SCOTUS Majority Approves ‘Kafkaesque’ Standard

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By Alisa Johnson

Defendants have no way out of a situation described as “Kafkaesque” by Supreme Court Justice Elena Kagan during arguments in a case that was ultimately decided June 22 ( Weaver v. Masssachusetts , 2017 BL 214300, U.S., No. 16-240, 6/22/17 ).

It’s unlikely she’d revise that remark.

Kentel Myrone Weaver sought a new murder trial alleging ineffective assistance of counsel. Ordinarily that requires showing the defendant was prejudiced by such failure under the high court’s decision in Strickland v. Washington.

He argued that his lawyer erred because he failed to object when the courtroom was closed due to overcrowding while the jury was being selected. Members of the public, including the defendant’s mother, were barred from the courtroom.

The violation of a right to public trial is normally a type of error that entitles a defendant to relief without inquiry into harm because there’s a presumption the conviction was tainted.

But because it was raised in the context of an ineffective assistance of counsel claim here, and not on direct review, the defendant must show the result was fundamentally unfair, the court held in the June 22 opinion by Justice Anthony M. Kennedy.

Injustice, or Just Deserts?

“The importance of improving defense for poor people” is the lesson to be taken from this case, Brian W. Stull of the American Civil Liberties Union, said to Bloomberg BNA in an email.

“Poor people appointed ill-prepared, over-worked, and under-funded counsel will be more likely to forfeit important constitutional rights, such as the right to a public trial at issue here. We need lawyers educated enough in the law to protect these clients’ constitutional trial rights, to prevent an unfair trial in the first instance, or to preserve an error for later review,” Stull said.

“Allowing the convicted criminal to avoid his burden of proving prejudice in this case would have opened the floodgates for others to bring and win collateral challenges to their convictions even when the asserted error did not in any way affect the outcome of the trial,” Arkansas Attorney General Leslie Carol Rutledge said in a statement sent via email to Bloomberg BNA.

Prove it

A violation of the right to a public trial constitutes “structural error,” which leads to a presumption of prejudice.

One reason prejudice is presumed from structural errors is that they affect the overall framework in which the trial proceeds and defy analysis for harm.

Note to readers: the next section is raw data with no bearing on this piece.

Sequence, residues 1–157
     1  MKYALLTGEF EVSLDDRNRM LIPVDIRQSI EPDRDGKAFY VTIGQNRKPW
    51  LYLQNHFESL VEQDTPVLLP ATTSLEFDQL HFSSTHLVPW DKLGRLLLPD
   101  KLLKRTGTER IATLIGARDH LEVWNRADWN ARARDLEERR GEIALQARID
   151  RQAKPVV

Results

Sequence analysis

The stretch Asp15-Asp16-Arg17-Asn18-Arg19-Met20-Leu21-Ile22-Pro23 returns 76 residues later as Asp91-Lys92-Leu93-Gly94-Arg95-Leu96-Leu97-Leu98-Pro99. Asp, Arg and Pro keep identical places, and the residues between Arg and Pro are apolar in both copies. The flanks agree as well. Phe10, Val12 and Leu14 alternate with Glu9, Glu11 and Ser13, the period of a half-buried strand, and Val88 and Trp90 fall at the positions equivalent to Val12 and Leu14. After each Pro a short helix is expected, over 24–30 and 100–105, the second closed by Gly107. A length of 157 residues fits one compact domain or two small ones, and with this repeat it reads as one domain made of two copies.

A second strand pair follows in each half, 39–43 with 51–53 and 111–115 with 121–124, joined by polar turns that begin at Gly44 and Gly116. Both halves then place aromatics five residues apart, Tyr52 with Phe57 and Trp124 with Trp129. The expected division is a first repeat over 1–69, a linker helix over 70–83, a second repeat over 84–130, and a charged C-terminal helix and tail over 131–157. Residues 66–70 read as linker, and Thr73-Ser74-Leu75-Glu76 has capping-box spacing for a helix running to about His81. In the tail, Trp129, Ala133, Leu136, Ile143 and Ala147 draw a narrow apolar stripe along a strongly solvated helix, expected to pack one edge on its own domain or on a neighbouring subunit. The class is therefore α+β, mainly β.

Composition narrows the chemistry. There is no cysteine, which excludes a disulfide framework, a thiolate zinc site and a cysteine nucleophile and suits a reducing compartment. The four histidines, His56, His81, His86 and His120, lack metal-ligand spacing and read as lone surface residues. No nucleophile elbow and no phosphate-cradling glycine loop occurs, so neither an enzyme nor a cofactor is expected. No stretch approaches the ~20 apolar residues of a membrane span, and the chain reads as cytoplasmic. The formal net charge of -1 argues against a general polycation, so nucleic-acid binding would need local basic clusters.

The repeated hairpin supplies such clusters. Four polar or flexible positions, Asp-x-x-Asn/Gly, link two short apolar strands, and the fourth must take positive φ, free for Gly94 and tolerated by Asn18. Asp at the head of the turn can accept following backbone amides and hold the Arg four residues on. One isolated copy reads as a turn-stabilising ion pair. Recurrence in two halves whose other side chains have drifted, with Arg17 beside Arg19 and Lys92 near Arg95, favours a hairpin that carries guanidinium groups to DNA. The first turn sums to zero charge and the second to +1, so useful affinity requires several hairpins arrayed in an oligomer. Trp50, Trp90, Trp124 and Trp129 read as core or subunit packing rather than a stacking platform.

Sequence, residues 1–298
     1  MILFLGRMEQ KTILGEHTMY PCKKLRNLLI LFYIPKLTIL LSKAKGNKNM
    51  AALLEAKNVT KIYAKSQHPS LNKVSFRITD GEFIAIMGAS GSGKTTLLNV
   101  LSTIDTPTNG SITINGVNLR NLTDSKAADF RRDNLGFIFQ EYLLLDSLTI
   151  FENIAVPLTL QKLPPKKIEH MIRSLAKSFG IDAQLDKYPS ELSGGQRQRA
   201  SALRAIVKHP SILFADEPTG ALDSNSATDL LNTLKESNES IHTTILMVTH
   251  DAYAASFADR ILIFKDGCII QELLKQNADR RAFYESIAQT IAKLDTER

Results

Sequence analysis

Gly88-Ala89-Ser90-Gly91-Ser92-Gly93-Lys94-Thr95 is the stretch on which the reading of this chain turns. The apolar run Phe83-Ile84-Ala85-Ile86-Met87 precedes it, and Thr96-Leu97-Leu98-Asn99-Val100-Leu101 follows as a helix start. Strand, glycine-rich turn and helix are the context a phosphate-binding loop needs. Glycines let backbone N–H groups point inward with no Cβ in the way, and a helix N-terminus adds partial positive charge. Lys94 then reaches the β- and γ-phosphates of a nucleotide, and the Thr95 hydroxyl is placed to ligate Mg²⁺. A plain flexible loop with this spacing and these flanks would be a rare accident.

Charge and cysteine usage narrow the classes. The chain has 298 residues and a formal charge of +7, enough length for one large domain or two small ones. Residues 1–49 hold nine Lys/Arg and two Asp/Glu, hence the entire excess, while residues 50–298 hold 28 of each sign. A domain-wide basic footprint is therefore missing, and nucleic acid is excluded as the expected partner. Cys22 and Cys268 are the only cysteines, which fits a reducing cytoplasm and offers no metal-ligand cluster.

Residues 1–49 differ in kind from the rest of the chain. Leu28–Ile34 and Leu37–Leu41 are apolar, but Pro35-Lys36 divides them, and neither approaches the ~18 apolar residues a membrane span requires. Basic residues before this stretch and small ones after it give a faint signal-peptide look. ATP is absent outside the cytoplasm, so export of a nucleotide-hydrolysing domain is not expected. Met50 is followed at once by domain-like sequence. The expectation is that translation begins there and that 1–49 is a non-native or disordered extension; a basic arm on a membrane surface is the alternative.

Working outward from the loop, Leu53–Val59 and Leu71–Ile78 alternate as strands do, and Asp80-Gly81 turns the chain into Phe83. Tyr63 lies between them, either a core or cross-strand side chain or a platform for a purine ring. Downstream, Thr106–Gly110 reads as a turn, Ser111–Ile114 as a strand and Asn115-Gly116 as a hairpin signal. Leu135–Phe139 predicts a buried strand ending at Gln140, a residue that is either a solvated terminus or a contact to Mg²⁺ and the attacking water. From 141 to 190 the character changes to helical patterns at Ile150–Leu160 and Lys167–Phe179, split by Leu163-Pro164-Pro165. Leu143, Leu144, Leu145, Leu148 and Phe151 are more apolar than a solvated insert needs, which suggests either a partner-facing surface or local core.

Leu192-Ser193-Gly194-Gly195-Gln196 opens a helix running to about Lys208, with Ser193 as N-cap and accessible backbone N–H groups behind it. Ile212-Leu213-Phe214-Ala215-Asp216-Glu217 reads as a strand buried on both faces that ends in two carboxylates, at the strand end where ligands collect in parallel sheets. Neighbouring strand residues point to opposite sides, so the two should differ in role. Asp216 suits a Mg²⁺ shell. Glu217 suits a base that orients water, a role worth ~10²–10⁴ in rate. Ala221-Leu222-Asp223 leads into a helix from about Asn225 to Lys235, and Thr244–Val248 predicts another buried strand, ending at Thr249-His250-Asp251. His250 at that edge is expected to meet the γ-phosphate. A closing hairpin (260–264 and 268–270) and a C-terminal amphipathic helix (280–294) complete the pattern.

A majority of the court declined to apply this presumption in the specific circumstances here: a public-trial violation during jury selection that the defense failed to preserve or raise on direct review and raised only later via an ineffective-assistance-of-counsel claim.

"[A]although the public-trial right is structural, it is subject to exceptions,” Kennedy said. “Nor can it be said that the failure to object to a public-trial violation always deprives the defendant of a reasonable probability of a different outcome.”So if a defendant raises a such a violation via an ineffective assistance claim, as was the case here, “ Strickland prejudice is not shown automatically,” he said. Instead a defendant must show “either a reasonable probability of a different outcome in his or her case” or that the particular violation was so egregious as to render the trial “fundamentally unfair.”

Chief Justice John G. Roberts, and Justices Clarence Thomas, Ruth Bader Ginsburg, Sonia Sotomayor, and Neil Gorsuch joined Kennedy’s opinion.

Justices Thomas and Samuel Alito also wrote concurrences in which Justice Gorsuch joined.

The understanding that the public trial right extends to jury selection may not be “consistent with the original understanding of the right to a public trial,” said Thomas.

“I do not see how we can read Strickland as requiring defendants to prove what this Court has held cannot be proved,” Justice Stephen G. Breyer said in a dissenting opinion joined by Justice Kagan.

“I would simply say that just as structural errors are categorically insusceptible to harmless-error analysis on direct review, so too are they categorically insusceptible to actual-prejudice analysis in Strickland claims,” Breyer said.

To contact the reporter on this story: Alisa Johnson in Washington at ajohnson@bna.com

To contact the editor responsible for this story: C. Reilly Larson at rlarson@bna.com

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